Behind The Tracks: The Effigy - Dying Star (Single) (2023)

Our very first breath is the birth of a star. Sometimes, throughout our existence, we happen to live - but mostly, life happens to us and we are passive forces, simply existing; unable to control the chaos that surrounds us. As life occurs, we amass a collection of memories; good and bad; laughter and tears; trophies and scars. And with each new addition to our collection, with each new experience, our star burns a little bit brighter.

Sometimes, something wholly abhorrent happens. It’s not our fault. We didn’t choose it. But it is our pain to bear. That star burns hotter and hotter, the light burning brighter and brighter, until finally, every last drop of fuel is gone, and there is nothing left to sustain it. The light bursts forth in a violent end, and sometimes that violence is so great and so terrible that it collapses in upon itself, forming a black hole.

Black holes are negative space, defined only by the effect they have on that which surrounds them; the light they inhale, only for it to disappear as soon as it so much as touches the darkness.

I think maybe a lot of people feel like a black hole. Unobservable, except for the things we surround ourselves with; a coat of gleaming armour, the acts of service we give unto others, the art we create, the words we scream. But at our very core; invisible.

I imagine we arrive here, each from a different road. For me, it was domestic abuse. My abuser died before they could ever face justice and I was left to pick up the jagged pieces of our lives, with no map of how they should fit together. I was the one who had to fix it. I, who was weak. I, was weak because my abuser had ensured I was weak. I could not face myself, and when the pain grew too great to bear, I collapsed upon myself and became that black hole.

It has been a long time - nearly half my life - that I’ve stayed inside this void. It is familiar and comforting, but lonely. Very lonely.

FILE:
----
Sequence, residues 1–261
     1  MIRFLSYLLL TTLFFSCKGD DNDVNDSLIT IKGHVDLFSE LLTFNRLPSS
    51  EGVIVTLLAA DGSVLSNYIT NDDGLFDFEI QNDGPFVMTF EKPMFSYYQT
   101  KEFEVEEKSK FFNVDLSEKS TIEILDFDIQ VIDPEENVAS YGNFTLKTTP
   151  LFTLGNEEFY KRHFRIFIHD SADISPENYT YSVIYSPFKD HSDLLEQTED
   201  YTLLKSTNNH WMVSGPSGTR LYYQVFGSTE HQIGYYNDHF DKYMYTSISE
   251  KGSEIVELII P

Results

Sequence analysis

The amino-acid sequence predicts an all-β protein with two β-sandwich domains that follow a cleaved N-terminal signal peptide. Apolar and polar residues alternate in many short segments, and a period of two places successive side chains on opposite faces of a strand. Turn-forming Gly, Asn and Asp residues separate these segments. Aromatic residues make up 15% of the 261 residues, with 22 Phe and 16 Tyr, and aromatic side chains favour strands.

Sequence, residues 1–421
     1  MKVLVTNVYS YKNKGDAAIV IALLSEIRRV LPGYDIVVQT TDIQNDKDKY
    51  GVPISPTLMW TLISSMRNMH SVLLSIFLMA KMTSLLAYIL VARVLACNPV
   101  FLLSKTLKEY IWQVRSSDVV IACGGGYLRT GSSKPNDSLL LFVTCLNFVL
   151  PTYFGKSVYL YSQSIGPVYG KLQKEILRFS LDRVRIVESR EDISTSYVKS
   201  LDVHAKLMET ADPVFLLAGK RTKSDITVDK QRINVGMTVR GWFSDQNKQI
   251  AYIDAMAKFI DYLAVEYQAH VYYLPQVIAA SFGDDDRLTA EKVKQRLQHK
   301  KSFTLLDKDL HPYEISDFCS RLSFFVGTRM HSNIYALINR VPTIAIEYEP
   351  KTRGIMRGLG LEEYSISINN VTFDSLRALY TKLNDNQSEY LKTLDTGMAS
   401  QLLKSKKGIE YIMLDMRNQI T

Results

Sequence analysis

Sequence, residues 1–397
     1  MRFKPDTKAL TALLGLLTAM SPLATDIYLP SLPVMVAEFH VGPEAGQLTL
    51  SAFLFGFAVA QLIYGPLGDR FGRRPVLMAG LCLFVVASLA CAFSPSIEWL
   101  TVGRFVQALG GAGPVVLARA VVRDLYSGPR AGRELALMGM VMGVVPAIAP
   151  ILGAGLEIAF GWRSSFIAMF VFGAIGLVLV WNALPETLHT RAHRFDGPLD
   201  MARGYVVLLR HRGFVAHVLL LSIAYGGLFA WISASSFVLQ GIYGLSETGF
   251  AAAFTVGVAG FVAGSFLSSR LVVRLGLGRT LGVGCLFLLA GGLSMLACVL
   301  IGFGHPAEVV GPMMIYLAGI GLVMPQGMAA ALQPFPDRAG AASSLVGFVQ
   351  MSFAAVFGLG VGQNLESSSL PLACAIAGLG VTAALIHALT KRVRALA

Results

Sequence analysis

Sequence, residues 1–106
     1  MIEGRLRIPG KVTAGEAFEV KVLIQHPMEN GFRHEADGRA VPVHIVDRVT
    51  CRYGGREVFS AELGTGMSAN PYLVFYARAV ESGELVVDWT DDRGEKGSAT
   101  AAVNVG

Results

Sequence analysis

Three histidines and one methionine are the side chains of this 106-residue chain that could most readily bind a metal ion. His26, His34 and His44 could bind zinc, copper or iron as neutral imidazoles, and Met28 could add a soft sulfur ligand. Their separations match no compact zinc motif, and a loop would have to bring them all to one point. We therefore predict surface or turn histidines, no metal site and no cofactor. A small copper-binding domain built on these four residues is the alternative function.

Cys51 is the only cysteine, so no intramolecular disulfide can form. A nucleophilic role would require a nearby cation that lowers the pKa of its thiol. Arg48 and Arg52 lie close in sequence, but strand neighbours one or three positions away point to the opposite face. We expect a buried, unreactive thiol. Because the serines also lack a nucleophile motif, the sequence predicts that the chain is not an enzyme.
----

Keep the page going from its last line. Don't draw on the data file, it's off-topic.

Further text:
When I sat down to write Dying Star, I arrived at the second verse and I wrote “I don’t know what caused this pain”, and that line caused me to stop because it was a lie. I had written a lie. I do know what caused this pain. I exist in this pain, daily. How can art bring healing if it cannot be honest? I wanted to lie. A lie would be easier than facing the truth, but as soon as I acknowledged that it was a lie, I could not put that knowledge back in the box. I changed the line and inadvertently changed my own life. “I know what caused this pain”, and the truth started to flow. “Caged inside the words of a madman”, “I’ve kept it all within”, and “I’ll never be good enough for a dead man”.

This was the unavoidable truth; this was the centre of that black hole - and my entire life, every word I’ve spoken, every tear I’ve cried, every note I’ve sung, that is the evidence of this black hole; the brazen light that encircles the darkness, fearlessly dancing upon the very edge of the precipice. It could fall at any moment, and vanish into the darkness forever.

The song ends on a sombre note, “you will never see my light again”. Perhaps this is the death of my light, but I would prefer to think of it another way. I would prefer to think that my abuser will never have the privilege of seeing the person I will become, he might never see my light again, but that does not mean that I will not see my light again.

It has been said healing is not a destination, but a journey. If this is true, then through this song, I have taken my first steps. And so, I hope that when you feel unobservable - unnoticed, but by the things around you, that outline you but never truly define you; only what you are not - I hope that you can listen to Dying Star, and I hope we can take those first few steps towards healing together, side by side, basking in each other’s light.

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